Financial services ordered to pay penalties for super switching advice
The Federal Court has ordered three companies to pay penalties totalling $7,150,000 after it was found they breached financial services laws in relation to the provision of loans and superannuation switching advice.
In a public statement, ASIC said the Federal Court has found that three Melbourne-based companies engaged in numerous contraventions of financial services and consumer protection laws and ordered them to pay penalties totalling $7,150,000.
The breaches of financial services laws arose from a business conducted by Wealth and Risk Management Pty Ltd, Yes FP Pty Ltd, now in liquidation, and Jeca Holdings Pty Ltd, also in liquidation, which offered and gave cash payments to financially vulnerable clients in connection with the provision of financial advice.
The Court also found that a former director of the companies, Joshua Fuoco, was knowingly concerned in the breaches and ordered him to pay a penalty of $650,000.
“Mr Fuoco agreed to declarations and orders being made against him following a settlement with ASIC. Mr Fuoco also agreed to an order restraining him from providing financial services for a period of 10 years and to pay $100,000 towards ASIC’s costs of its investigation and conducting the court proceeding,” the corporate regulator said.
ASIC stated that the business advertised 'fast cash' to consumers with poor credit histories seeking loans and required consumers to receive and implement financial advice that recommended switching their superannuation and taking out 'high end' insurance.
The business charged advice fees that were paid out of consumers’ superannuation funds and received upfront and trailing insurance commissions and used the upfront insurance commission generated by the financial advice to provide a 'cash rebate' to clients.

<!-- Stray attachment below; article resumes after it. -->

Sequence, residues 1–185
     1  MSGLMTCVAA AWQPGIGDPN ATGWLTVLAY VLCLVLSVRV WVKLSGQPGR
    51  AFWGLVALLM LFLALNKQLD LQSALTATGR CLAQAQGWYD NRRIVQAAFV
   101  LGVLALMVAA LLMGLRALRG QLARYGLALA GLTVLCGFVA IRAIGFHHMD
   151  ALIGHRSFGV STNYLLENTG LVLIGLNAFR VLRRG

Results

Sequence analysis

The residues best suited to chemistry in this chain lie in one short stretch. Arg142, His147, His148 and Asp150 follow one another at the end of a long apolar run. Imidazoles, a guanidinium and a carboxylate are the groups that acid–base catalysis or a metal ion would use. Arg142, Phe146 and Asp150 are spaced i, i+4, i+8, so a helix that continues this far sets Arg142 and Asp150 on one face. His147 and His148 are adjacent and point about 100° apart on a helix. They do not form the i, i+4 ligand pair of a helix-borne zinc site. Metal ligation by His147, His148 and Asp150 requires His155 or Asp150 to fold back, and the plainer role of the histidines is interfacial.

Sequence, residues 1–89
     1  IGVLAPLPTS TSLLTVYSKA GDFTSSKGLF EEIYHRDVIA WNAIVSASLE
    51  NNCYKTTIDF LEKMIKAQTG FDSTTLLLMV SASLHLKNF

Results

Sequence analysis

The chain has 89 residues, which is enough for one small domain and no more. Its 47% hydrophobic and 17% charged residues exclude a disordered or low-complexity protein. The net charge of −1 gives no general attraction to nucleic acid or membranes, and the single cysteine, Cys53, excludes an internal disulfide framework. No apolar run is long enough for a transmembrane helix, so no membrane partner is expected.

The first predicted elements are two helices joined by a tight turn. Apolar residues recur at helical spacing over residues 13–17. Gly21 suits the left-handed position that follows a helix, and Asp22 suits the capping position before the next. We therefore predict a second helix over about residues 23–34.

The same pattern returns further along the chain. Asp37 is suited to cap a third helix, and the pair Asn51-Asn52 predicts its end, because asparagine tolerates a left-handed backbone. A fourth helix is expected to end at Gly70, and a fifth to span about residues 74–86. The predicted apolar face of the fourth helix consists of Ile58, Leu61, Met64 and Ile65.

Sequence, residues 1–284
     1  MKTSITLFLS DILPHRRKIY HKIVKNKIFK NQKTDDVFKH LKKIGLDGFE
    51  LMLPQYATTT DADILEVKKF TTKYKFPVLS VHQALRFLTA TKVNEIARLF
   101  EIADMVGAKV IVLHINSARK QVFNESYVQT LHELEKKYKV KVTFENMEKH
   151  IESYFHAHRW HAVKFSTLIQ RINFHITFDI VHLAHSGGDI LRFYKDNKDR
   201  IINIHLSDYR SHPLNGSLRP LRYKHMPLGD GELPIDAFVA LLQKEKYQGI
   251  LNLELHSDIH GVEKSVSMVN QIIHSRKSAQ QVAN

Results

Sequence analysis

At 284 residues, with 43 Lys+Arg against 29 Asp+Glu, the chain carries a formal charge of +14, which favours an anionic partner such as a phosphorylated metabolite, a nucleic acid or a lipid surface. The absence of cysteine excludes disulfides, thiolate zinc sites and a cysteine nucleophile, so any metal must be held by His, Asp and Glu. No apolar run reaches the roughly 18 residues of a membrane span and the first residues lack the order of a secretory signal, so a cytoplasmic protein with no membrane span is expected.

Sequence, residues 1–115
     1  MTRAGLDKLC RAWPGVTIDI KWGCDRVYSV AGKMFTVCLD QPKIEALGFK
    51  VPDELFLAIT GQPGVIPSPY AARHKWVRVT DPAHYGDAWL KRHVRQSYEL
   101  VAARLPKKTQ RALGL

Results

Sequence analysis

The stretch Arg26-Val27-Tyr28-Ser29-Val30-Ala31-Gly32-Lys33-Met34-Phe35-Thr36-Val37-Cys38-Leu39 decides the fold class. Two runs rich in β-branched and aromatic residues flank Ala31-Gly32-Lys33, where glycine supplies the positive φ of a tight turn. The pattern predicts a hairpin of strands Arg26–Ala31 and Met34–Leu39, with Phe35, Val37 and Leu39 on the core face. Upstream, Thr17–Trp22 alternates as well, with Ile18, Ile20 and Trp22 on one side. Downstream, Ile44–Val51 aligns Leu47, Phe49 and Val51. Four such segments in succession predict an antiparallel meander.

“This process often resulted in a substantial erosion of the client's superannuation balances,” said ASIC.
The Court found that in conducting this business model Wealth and Risk Management Pty Ltd, which held an Australian financial services licence (AFSL), breached its licensee obligations, including obligations requiring that it take reasonable steps to ensure that its authorised representatives act in clients’ best interests and provide advice that is appropriate, and do all things necessary to ensure that the financial services covered by its licence were provided efficiently, honestly and fairly.
It was found that Yes FS carried on a financial services business without holding an AFSL, made false and misleading representations and engaged in misleading and deceptive conduct. All three companies engaged in unconscionable conduct.
In addition to ordering that the companies pay pecuniary penalties, the Federal Court ordered that they be restrained from carrying on a financial services business for 18 years. It also ordered that they be permanently restrained from making any offers of cash payments in connection with the provision of financial advice, or entering into or advertising cash rebate agreements or other like arrangements.
ASIC deputy chair Peter Kell said the breaches were the result of very poor conduct.
"This is a significant outcome in a case where a financial services business has deliberately flouted the law and targeted financially vulnerable consumers.”
Miranda Brownlee is the deputy editor of SMSF Adviser, which is the leading source of news, strategy and educational content for professionals working in the SMSF sector.
Since joining the team in 2014, Miranda has been responsible for breaking some of the biggest superannuation stories in Australia, and has reported extensively on technical strategy and legislative updates. Miranda has also directed SMSF Adviser's print publication for several years.
Miranda also has broad business and financial services reporting experience, having written for titles including Investor Daily, ifa and Accountants Daily.